Sign In

Communications of the ACM

Research Highlights

Technical Perspective: Tapping the Link between Algorithmic Model Counting and Streaming

two planes of polygon surfaces, illustration

Credit: Getty Images

It is rare and rewarding to connect two vastly different areas of computer science. Fast randomized algorithms in model counting were discovered in the early 1980s, while the area of streaming algorithms did not take off in the theory community until the late 1990s. Only recently were these disparate areas connected in the accompanying paper, where it was observed that the algorithmic techniques developed in the two areas were strikingly similar. This connection has given us exciting streaming algorithms used in database design and in network monitoring, as well as a unified perspective on existing algorithms.

What exactly is model counting? Given a function ϕ, which might be specified as a formula on variables, a circuit, a neural network, among others, we can think of ϕ as a mapping from inputs to TRUE or FALSE. What model counting asks for is the number of inputs that ϕ maps to TRUE; each such input is called a model. From the applications side, various probabilistic inference problems, such as Bayesian net reasoning, can be translated into model counting problems. From the theoretical side, the number of solutions to a hard combinatorial problem often provides further insight into the problem. In general, model counting is what is known as #P-hard, and even checking if there is any input which satisfies ϕ is NP-hard. One is often interested in randomized approximation algorithms that approximate the number of models for a given 9. Obtaining such approximations can sometimes be done efficiently in practice with the aid of fast solvers for the Satisfiability problem (SAT).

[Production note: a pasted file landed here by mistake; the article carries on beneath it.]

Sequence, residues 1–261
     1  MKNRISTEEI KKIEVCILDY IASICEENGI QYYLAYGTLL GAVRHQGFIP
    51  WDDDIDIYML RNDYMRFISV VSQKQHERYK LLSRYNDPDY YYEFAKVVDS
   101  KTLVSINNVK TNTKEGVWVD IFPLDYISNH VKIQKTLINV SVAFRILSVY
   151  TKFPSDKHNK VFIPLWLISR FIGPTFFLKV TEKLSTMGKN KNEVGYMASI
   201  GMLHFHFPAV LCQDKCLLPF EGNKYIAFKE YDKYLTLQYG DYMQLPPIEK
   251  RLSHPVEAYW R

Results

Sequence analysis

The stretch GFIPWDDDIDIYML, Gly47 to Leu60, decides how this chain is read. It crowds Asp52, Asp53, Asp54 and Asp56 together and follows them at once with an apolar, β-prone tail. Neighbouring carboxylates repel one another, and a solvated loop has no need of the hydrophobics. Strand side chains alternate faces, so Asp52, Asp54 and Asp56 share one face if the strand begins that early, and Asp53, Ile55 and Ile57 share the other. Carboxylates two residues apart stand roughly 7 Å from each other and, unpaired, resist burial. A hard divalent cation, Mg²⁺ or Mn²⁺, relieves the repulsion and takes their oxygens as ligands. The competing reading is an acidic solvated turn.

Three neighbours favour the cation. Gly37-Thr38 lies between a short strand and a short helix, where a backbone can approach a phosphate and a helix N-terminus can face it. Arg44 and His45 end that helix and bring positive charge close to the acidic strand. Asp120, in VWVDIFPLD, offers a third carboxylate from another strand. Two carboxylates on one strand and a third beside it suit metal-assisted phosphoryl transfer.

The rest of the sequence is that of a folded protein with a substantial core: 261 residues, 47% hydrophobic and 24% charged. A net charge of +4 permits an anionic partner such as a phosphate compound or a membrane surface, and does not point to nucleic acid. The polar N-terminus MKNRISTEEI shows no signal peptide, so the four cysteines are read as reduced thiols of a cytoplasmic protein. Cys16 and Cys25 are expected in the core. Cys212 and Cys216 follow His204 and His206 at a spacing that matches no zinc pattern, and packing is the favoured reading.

No entries found

Log in to Read the Full Article

Sign In

Sign in using your ACM Web Account username and password to access premium content if you are an ACM member, Communications subscriber or Digital Library subscriber.

Need Access?

Please select one of the options below for access to premium content and features.

Create a Web Account

If you are already an ACM member, Communications subscriber, or Digital Library subscriber, please set up a web account to access premium content on this site.

Join the ACM

Become a member to take full advantage of ACM's outstanding computing information resources, networking opportunities, and other benefits.

Subscribe to Communications of the ACM Magazine

Get full access to 50+ years of CACM content and receive the print version of the magazine monthly.

Purchase the Article

Non-members can purchase this article or a copy of the magazine in which it appears.
Sign In for Full Access
» Forgot Password? » Create an ACM Web Account